Watch Your Words in Social Media Landscape
Devicemakers wishing to establish a full online presence must take special care to ensure their use of social media doesn’t throw them out of compliance with FDA promotional speech regulations, Edward Basile, from consulting firm King & Spalding, told a recent session of the FDA/Xavier University MedCon.
To avoid doing so, companies should develop a written policy on use of social media, Basile advised. The policy should cover objectives of online messaging, encouraged and prohibited topics, employee training and participation guidelines and how to disclose any adverse events.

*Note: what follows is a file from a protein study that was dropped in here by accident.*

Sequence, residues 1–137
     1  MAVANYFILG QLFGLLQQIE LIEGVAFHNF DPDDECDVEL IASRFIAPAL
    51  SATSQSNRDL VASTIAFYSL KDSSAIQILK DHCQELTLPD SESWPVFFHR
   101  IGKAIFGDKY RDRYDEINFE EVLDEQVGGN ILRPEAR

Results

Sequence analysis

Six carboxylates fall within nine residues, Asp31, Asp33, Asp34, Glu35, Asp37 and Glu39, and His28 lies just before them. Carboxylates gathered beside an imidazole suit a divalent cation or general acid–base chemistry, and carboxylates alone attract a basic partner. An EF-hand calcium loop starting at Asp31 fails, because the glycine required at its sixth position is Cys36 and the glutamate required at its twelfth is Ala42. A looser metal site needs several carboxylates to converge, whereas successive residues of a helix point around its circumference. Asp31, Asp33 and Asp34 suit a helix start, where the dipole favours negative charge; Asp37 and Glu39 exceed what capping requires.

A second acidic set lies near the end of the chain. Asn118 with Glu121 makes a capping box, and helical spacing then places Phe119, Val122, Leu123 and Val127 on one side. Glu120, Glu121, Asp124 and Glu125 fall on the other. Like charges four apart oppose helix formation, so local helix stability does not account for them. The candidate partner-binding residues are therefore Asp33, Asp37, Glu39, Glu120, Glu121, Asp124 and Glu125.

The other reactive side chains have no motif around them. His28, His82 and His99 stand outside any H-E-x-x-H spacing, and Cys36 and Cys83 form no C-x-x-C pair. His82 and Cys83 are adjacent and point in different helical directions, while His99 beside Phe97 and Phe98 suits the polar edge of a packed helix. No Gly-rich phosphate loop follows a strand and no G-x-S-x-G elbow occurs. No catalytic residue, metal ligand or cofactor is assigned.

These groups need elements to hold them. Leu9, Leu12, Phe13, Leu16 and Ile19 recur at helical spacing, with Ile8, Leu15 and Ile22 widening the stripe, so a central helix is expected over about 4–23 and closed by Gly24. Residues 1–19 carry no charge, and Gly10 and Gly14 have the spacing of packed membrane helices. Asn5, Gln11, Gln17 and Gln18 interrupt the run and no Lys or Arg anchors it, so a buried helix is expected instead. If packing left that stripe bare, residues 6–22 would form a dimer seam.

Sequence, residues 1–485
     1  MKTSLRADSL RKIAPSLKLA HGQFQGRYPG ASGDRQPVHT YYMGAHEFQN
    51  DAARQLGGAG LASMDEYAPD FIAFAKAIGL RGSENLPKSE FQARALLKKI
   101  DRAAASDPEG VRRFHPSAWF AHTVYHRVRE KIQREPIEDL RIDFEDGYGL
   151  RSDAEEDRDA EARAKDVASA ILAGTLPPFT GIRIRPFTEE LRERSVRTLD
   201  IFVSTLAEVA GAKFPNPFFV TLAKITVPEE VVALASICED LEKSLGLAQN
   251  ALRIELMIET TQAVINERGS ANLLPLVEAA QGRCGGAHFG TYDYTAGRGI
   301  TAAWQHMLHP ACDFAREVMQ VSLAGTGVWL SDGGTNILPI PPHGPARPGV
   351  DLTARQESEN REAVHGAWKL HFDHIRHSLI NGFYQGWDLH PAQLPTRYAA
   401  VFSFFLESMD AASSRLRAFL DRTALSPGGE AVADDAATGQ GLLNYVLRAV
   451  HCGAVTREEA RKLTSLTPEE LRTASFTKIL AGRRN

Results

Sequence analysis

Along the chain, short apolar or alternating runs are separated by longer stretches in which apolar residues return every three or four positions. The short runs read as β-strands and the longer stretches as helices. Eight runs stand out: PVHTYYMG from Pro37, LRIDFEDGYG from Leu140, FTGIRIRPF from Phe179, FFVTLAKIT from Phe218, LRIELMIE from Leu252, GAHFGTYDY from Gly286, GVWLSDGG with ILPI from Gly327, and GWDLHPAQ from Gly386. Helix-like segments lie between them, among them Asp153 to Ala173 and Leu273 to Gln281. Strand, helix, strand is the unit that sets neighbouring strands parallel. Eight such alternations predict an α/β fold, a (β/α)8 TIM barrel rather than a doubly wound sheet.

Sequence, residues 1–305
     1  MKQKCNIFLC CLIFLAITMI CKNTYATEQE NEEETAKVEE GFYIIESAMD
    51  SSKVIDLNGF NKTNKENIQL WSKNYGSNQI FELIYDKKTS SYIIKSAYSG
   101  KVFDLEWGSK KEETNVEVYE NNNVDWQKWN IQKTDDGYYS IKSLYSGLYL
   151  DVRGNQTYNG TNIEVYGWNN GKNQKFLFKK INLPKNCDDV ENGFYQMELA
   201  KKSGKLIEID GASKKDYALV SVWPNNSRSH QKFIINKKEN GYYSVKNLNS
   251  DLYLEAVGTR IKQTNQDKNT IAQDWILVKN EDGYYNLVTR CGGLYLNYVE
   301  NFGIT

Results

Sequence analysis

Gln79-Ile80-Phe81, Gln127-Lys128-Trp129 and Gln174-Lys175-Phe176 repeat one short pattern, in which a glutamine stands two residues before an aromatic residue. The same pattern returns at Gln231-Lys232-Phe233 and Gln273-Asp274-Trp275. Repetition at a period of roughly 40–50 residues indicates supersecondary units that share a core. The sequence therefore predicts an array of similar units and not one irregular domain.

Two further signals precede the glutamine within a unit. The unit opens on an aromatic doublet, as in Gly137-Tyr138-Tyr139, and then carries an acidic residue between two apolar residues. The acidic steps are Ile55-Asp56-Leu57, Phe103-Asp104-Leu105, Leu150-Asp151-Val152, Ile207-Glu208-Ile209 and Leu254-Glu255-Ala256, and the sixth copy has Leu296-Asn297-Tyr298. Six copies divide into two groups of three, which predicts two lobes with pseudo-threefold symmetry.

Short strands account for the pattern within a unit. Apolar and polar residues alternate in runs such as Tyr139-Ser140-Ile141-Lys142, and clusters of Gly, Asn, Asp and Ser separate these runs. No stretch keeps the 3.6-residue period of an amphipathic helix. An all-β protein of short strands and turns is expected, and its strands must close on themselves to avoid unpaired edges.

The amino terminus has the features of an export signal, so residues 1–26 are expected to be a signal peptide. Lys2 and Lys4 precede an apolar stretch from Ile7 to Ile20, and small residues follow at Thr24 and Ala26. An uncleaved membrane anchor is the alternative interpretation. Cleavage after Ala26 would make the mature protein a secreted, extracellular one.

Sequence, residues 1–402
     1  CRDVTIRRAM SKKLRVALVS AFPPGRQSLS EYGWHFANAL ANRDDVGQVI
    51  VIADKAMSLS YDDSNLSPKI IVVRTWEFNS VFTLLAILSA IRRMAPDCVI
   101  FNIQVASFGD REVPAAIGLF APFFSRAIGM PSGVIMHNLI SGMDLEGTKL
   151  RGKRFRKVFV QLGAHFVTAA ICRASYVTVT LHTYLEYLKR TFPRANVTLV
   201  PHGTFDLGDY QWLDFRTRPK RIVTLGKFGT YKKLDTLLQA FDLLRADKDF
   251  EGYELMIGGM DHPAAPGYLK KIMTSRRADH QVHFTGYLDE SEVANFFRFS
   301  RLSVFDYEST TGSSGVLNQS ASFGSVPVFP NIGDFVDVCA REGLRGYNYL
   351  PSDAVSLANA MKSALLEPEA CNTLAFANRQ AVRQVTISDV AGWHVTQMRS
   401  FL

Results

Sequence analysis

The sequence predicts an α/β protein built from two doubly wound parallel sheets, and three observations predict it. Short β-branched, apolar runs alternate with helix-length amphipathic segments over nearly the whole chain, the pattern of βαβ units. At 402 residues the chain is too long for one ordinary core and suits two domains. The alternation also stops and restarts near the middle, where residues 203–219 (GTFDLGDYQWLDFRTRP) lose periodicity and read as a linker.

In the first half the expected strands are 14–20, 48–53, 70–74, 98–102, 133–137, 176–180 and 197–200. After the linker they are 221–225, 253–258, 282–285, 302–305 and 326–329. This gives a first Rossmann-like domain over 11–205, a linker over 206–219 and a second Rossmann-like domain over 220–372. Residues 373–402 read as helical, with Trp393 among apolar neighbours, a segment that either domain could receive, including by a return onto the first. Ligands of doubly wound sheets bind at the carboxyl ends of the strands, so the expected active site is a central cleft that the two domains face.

Once online, companies should be prepared to continually monitor social media outlets, looking for anything that might be perceived as promotional speech. Basile noted that companies can be held responsible for postings that individual employees make about their products.
The FDA has been slacking when industry leaders have asked for social media guidance, forcing companies to act more on impulse.
Despite the few guidances out there, there seems to be as many unwritten rules as written ones and it’s become pretty confusing for pharma companies to “color inside the lines.” Guessing is not a strategy you want to use.
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